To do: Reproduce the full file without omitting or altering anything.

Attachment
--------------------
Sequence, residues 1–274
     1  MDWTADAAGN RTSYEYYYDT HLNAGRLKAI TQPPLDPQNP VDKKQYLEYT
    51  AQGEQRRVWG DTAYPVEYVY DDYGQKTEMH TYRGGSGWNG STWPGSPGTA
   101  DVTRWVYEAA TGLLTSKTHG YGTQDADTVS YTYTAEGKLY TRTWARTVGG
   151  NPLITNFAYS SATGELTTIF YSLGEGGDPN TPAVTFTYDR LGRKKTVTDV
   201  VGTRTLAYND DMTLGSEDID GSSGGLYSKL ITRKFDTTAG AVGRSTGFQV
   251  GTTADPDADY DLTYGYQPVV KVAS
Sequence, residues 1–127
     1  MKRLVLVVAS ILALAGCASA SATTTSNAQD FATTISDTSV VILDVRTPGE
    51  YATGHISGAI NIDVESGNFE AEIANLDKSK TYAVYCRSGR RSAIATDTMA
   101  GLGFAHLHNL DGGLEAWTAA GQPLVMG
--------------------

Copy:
Sequence, residues 1–274
     1  MDWTADAAGN RTSYEYYYDT HLNAGRLKAI TQPPLDPQNP VDKKQYLEYT
    51  AQGEQRRVWG DTAYPVEYVY DDYGQKTEMH TYRGGSGWNG STWPGSPGTA
   101  DVTRWVYEAA TGLLTSKTHG YGTQDADTVS YTYTAEGKLY TRTWARTVGG
   151  NPLITNFAYS SATGELTTIF YSLGEGGDPN TPAVTFTYDR LGRKKTVTDV
   201  VGTRTLAYND DMTLGSEDID GSSGGLYSKL ITRKFDTTAG AVGRSTGFQV
   251  GTTADPDADY DLTYGYQPVV KVAS
Sequence, residues 1–127
     1  MKRLVLVVAS ILALAGCASA SATTTSNAQD FATTISDTSV VILDVRTPGE
    51  YATGHISGAI NIDVESGNFE AEIANLDKSK TYAVYCRSGR RSAIATDTMA
   101  GLGFAHLHNL DGGLEAWTAA GQPLVMG